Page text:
HSBC forecasts national house price growth slowdown

HSBC’s leading economist Paul Bloxham has been reported as predicting the national house price growth to fall to 2-5% over 2017, from the 2016 average of 7%.

In a recent note he is reported to have made the following prediction of house prices:


We expect housing price growth of 2% to 4%, supported by growth in detached house prices (5% to 6%) as solid demand is met by only limited supply. In contrast, we expect the oversupply in the apartment market, particularly in the inner city, is likely to start showing through in price falls (-6% to -2%).


We expect oversupply to weigh on apartment prices (-4% to 0%), but we see a limited effect on the detached house market, partly due to the lack of substitutability. A key difference for the Brisbane market, when compared with Melbourne, is that housing price growth has been far more limited than in Melbourne, which could limit the scope for significant price falls.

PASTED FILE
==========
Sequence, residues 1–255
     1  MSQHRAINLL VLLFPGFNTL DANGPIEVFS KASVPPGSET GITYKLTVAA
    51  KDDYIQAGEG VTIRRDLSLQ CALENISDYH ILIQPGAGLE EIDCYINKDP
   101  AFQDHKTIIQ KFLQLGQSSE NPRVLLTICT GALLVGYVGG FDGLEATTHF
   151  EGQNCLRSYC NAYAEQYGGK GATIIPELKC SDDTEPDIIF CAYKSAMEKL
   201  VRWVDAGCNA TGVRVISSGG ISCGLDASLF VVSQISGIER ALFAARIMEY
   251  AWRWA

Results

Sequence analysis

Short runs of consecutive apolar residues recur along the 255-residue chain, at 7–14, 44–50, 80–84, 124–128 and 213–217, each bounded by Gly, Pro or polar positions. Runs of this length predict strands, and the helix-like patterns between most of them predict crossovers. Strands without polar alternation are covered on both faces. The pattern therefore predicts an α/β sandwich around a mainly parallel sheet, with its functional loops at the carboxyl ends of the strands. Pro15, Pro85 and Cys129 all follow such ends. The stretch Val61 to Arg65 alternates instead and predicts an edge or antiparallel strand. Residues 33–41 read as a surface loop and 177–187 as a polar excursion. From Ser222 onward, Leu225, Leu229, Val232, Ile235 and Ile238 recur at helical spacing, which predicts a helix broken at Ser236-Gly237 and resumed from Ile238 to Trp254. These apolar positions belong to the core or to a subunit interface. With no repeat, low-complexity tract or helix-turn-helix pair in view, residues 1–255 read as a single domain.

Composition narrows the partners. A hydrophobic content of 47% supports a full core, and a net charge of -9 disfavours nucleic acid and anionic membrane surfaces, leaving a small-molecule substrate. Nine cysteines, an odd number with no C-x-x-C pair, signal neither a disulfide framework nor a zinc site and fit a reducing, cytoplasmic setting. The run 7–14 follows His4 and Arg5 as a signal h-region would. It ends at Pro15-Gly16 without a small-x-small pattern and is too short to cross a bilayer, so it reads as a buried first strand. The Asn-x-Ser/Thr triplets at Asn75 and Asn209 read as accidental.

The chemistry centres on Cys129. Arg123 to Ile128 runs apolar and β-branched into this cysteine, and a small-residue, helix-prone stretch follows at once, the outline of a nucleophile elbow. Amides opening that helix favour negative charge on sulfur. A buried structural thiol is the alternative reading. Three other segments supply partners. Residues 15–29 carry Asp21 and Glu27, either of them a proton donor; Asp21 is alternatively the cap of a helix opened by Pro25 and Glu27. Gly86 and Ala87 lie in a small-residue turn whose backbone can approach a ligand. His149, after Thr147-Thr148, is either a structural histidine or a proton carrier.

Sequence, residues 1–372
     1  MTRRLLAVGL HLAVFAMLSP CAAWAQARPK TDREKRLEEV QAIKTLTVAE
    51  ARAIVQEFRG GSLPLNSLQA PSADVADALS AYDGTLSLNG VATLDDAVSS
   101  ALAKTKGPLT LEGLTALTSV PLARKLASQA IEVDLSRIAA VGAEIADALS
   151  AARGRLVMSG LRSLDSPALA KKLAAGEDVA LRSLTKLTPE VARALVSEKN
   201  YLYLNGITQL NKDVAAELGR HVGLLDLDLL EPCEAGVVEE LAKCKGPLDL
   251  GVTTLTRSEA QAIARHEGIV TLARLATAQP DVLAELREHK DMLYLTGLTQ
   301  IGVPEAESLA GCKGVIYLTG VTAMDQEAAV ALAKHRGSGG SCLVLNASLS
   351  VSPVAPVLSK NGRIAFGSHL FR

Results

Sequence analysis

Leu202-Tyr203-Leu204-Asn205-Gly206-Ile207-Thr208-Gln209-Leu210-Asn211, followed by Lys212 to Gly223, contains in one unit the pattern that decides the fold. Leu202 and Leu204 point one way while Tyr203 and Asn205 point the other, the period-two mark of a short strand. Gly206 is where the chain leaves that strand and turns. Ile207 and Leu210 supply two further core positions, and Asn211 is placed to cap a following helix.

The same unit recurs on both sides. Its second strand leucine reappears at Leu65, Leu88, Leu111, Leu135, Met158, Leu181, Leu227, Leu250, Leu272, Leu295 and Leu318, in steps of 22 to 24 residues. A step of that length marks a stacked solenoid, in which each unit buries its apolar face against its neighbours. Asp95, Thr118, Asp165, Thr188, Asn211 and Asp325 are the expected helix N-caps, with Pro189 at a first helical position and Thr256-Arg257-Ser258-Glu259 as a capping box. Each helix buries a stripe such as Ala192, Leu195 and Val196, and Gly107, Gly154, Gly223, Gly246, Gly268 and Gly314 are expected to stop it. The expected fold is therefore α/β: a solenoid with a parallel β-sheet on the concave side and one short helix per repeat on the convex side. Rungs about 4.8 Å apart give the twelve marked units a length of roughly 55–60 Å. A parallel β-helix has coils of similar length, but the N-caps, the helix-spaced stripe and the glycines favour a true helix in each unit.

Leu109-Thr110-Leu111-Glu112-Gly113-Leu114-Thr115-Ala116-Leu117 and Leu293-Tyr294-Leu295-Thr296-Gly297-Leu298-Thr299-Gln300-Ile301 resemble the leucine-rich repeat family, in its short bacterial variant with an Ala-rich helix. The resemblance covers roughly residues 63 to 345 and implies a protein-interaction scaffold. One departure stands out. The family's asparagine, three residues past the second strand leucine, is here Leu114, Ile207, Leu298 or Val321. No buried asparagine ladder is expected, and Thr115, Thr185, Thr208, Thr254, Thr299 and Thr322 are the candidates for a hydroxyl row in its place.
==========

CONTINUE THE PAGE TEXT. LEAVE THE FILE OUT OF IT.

The end of the mining boom has weighed on Perth’s housing market, driving housing price falls in 2016, which we expect to continue in 2017 Part of the adjustment is coming through slower population growth, as people move to the eastern states. Weaker population growth is also expected to continue to weigh on the Perth housing market in 2017.


This housing market is dominated by detached dwellings. The South Australian economy is expected to continue to have only modest growth, keeping housing price growth contained.

Mr Bloxham doesn’t agree with claims of a coming correction or crash, citing the banks’ decision to tighten lending restrictions and the decline of foreign investment as significant factors slowing the market. He instead expects the market to gradually cool over the coming years.


Business Insider Australia – HSBC says Australian house price growth will cool in 2017, but without a correction or crash

Property Observer – Low single-digit rates of housing price growth in 2017 for Sydney, Melbourne: HSBC’s Paul Bloxham

Written: 29 November 2016, Updated: 6 April 2020

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